by demonizing Europe as the source of all modern evil. As
early as 1937 at the height of his struggle for dominance
civil war, he referred to liberal democracies as bastarded,
Frenchified, and Europeanizing. That is, as Franco coded
it, Europe was seen as liberal, communist, and bad.
Franco built a career on a political policy on distancing
himself from the corruptions of modern Europe while at
the same time,
moving toward the integration even he knew would be essential
if Spain was to become a modern country. He played a cat
and mouse game with Europe, shunning its supposed excesses
recognizing however grudgingly how necessary a European identification
was to Spain venture. As Julio Crespo writes and I quote, "The
Franco regime was well aware that the process of European integration
would inexorably affect the country, but Europe kept its distance
or rather held its nose as it allowed Spain to play on the
periphery of the European community. By 1958, Spain entered
an organization called the Organization of European Economic
Cooperation, the OEEC, which set the stage for the slow integration
of the Spanish economy into the developing European model,
but that change would be slow and coming.
Spain formally applied for membership in the EEC, the European
Economic Community in 1962, there was outrage and
condemnation all over Europe. As a result, Admiral Juan
Carrero Blanco, later spectacularly blown up by separatists,
that the common market was a “thiefdom” of masons,
liberals, and Christian democrats. Still both Franco and the
heads of state of Europe recognized the efficiency of separating
ideology from economics. Europe condemned the former, that
is Franco's policies, while opening up contacts in the latter
sphere. From an impoverished and ruined economy in the 1940s,
Spain was so poor during these so-called hunger years, los
años de hambre, that one could buy individual
cigarettes, on the street, used toothbrushes, and ballpoint
installment purchases. Anyway, the country gradually
moved into what has
become the economic miracle of the 1960s. When Spain
had the second highest economic growth rate in the world
Japan. Its gross domestic product increased seven point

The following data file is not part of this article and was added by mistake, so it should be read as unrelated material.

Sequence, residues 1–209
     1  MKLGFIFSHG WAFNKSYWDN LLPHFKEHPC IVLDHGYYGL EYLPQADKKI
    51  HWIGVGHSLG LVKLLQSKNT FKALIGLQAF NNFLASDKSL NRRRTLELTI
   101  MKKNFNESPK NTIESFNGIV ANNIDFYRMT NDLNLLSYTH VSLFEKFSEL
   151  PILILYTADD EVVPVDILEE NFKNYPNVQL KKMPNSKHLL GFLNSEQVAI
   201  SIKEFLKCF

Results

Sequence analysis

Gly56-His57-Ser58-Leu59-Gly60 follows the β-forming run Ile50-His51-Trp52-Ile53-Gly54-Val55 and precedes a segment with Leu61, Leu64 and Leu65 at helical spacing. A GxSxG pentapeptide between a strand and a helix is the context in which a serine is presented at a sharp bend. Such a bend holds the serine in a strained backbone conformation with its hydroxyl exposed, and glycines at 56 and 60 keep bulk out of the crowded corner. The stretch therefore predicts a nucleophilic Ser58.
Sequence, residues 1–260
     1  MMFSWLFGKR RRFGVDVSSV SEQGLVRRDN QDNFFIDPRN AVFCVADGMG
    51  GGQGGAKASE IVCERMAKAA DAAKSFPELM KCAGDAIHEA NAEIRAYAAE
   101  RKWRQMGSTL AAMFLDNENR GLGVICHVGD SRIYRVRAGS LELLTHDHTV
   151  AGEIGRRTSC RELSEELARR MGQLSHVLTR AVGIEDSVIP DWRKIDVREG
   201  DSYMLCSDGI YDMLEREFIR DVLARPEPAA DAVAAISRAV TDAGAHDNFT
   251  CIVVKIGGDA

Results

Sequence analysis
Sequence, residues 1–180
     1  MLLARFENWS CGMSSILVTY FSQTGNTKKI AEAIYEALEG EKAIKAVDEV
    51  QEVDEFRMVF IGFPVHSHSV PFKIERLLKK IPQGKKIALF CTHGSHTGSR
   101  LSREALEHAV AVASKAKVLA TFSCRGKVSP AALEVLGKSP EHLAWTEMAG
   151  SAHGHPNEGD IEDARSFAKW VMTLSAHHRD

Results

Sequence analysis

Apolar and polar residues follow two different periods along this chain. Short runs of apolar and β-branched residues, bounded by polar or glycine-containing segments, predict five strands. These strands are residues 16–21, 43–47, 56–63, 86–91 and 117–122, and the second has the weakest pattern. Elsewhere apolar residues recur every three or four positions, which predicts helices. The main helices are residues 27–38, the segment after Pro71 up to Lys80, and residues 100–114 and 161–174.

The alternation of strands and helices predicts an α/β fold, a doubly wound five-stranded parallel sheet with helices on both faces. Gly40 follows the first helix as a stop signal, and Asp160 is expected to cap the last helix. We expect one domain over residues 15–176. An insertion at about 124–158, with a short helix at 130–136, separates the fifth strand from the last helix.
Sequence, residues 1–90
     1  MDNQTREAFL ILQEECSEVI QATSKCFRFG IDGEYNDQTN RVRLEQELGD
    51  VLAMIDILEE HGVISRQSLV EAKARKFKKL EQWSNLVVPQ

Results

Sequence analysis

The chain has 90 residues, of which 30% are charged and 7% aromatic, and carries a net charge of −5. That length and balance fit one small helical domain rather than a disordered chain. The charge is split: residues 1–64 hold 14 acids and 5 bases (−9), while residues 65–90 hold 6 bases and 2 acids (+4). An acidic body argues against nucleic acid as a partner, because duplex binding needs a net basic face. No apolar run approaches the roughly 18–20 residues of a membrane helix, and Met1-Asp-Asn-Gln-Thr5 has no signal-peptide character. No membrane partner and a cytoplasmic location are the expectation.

five percent annually between 1961 and 1973 and it became
industrial power in the world run by what was a growing
and soon to be solid urban middle class.
the early 1970s, Spain was awarded preferential status by the
European community. Foreign minister Gregorio López
Bravo declared, "My country belongs to Europe." The
comment seen as a step forward toward full integration and
respectability. Remind you Franco is still alive. But European
minister stressed this is still purely economic agreement,
that is it held no political implications whatsoever. They
were wrong of course, but they didn't know what to do with
Franco's anti-democratic stance, which was still a thorn in
the side of Western democracies. ABC, the franquist newspaper,
proclaimed that Spain was finally fully European. Nonetheless,
Franco's political policies seemed to harden during the last
years of his dictatorship. Censorship, the unrest and political
dissonance, banned meetings, and canceled passports, and several
controversial executions set off waves of protest all over
Europe in the early 1970s.
a defiant display of power in December of 1973, the terrorist
ban ETA assassinated Franco's by now Prime Minister Juan
Carrero Blanco. A man committed to maintaining Franco's policies
his death. Carrero Blanco's death marked for some, the first
moment of what was to be called the Transition. For it became
clear to everyone that more of the same. More of Franco's
policies, more of the Franco dictatorship were difficult to
once Franco died. And even Franco couldn't live forever.
After a grotesque period in which doctors did everything to
him alive, he finally died on November 20, 1975 and as Saturday
Night live kept telling us for months thereafter, “Franco
is still dead.” He's buried at the Valley of the Fallen, el valle del caídos,
a monument despised by the left as a symbol of fascist oppression.
Not one head of state of a democratic country anywhere in the
world attended his funeral. The shadow of Franco weighed heavily
over Spain in November 1975. What now?
Franco had been cultivating the young Prince Juan Carlos,
educating him in Spain as a successor to his own policies.
But when Franco
died, something went terribly wrong with that plan. Juan
Carlos refused to follow into the mold of a fascist dictatorship
instead lead the country through a series of brilliant political
moves, which have come to be known as the Transition. Spain's
transition to democracy was so rapid, so depthly handled
and so complete that it is odd to think back to those
with anything, but slight amusement.
Through a series of smart, tactical maneuvers and open elections,
Spain transformed itself between 1975 and 1982 from a repressive
dictatorship into a modern socialist democracy, figure-headed